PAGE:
I have to admit, prayer and bible study do not come easily to me. If you are in the same boat, or could simply benefit from some tips, check out J. Warner Wallace’s advice concerning reading and studying the bible:
As Christians, we have a lot of questions that we don’t always know how to investigate on our own, and we’re grateful when somebody will come in and give us the quick answer. But if you’ve raised kids, you know that when your kids have a question and ask you to sort something out for them, they come away with one kind of knowledge. When you allow your kids to work through, and find, and research the answer for themselves, they come away with a completely different kind of understanding. I can remember when I first came to Christianity out of atheism, I really needed to examine the issues for myself. And let’s face it, there are lots of times when it’s not so much an understanding of the truth; it’s not so much that the truth is out there and I just can’t grasp it; it’s that I hold some type of prerequisite, presupposition, that prevents me from seeing the truth clearly.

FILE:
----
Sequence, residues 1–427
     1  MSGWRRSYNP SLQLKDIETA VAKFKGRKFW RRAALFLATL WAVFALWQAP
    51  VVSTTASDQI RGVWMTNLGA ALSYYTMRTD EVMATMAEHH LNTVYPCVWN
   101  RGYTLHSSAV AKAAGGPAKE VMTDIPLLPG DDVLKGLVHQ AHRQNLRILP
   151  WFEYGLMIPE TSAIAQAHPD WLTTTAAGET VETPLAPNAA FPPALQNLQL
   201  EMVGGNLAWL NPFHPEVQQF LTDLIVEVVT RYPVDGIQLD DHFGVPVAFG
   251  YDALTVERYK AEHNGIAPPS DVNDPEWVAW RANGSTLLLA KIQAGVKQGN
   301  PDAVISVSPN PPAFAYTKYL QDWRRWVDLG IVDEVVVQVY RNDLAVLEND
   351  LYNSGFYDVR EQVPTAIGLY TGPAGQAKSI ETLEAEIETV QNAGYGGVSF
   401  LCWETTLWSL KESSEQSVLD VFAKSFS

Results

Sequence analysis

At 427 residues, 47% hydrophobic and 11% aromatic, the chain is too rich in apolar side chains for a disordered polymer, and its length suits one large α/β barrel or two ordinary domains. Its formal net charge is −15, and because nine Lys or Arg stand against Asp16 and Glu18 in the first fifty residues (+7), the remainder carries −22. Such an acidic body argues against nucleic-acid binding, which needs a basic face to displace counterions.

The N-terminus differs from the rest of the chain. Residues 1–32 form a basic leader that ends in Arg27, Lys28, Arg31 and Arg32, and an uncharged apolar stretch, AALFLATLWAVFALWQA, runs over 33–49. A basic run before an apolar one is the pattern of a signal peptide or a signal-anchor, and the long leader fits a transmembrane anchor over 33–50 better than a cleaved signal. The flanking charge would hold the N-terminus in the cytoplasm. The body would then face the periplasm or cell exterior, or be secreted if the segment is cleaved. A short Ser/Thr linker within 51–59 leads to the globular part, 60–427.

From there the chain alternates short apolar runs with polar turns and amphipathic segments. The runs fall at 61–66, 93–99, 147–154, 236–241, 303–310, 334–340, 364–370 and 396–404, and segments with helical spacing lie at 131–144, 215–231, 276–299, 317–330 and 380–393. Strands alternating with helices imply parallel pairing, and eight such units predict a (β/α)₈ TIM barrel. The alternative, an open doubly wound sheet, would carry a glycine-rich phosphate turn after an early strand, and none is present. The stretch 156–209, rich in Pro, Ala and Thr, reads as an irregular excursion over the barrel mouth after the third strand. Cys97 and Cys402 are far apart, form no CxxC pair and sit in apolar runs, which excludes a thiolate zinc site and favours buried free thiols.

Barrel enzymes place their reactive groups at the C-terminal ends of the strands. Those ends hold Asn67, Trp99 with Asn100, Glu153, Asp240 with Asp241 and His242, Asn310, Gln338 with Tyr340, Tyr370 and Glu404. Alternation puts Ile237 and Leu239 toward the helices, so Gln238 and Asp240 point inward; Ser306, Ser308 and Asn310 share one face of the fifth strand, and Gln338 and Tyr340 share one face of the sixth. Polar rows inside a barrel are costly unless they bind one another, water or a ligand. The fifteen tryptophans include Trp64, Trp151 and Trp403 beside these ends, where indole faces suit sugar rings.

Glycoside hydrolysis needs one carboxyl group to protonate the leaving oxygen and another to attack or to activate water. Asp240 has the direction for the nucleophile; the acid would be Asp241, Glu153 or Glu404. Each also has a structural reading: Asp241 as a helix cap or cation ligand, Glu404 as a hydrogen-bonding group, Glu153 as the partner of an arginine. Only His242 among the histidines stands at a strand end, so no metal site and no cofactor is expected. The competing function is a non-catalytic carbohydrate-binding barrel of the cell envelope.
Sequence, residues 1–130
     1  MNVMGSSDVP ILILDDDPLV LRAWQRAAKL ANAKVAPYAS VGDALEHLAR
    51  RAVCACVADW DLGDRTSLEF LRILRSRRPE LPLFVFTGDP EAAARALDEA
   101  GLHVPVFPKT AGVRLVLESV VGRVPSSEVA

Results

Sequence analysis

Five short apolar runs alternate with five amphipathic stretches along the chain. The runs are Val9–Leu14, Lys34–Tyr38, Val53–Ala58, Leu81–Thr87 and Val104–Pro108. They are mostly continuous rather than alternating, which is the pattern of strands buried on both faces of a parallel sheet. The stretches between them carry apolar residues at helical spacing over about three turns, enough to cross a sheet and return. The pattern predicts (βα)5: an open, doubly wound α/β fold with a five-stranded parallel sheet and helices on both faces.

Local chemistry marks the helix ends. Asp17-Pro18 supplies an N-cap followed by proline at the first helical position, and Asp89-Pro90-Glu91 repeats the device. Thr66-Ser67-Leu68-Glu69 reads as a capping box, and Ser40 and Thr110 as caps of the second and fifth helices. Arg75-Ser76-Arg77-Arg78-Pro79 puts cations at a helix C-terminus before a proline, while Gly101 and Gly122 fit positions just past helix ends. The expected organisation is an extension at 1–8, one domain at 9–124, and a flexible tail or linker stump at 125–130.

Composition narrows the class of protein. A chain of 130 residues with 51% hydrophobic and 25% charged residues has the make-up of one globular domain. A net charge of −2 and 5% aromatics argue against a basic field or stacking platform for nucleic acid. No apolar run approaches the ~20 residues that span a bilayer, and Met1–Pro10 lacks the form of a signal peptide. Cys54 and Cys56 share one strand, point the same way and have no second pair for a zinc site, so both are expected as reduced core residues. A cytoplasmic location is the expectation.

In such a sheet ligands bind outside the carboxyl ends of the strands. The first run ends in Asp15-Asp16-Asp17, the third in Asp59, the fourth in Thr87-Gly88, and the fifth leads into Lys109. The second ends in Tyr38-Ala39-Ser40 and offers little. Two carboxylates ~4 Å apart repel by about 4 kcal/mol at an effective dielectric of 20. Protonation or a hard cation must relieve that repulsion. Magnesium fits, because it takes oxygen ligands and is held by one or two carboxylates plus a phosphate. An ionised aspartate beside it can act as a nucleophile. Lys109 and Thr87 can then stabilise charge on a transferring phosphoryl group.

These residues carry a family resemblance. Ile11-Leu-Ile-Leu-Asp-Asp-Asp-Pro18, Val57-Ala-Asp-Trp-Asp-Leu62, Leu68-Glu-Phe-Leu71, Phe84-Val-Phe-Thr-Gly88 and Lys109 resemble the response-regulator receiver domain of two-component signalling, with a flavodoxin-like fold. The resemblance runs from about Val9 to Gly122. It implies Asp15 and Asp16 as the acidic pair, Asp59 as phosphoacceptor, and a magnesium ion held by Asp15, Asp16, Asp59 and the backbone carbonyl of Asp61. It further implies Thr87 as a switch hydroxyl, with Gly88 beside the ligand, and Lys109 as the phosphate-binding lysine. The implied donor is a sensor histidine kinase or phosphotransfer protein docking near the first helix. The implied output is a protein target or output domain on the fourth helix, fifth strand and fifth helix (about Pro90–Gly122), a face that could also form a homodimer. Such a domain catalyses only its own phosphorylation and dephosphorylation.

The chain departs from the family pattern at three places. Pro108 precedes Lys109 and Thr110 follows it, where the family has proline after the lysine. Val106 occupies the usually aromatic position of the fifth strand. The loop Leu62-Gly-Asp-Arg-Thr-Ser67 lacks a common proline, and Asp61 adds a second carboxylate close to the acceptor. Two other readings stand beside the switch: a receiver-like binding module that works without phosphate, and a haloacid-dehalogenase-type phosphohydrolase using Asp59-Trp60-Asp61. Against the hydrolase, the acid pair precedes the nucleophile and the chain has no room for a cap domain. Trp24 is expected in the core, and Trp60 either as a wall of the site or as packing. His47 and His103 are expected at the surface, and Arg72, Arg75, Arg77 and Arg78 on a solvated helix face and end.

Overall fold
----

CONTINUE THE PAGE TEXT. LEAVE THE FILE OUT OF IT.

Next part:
That’s why for me, as a new Christian, apologetics websites were just as important as the skeptic sites I had been visiting. I wanted to get some balance and some clear thinking on the issues we know are inherent to the Christian worldview. I found myself applying the same skepticism I had as a detective, and an atheist, to my own examination of Scripture. Here is my approach to answering some of my own questions about Christian doctrine, and Christian evidence. These are principles and tools that may help you sort out the truth for yourself.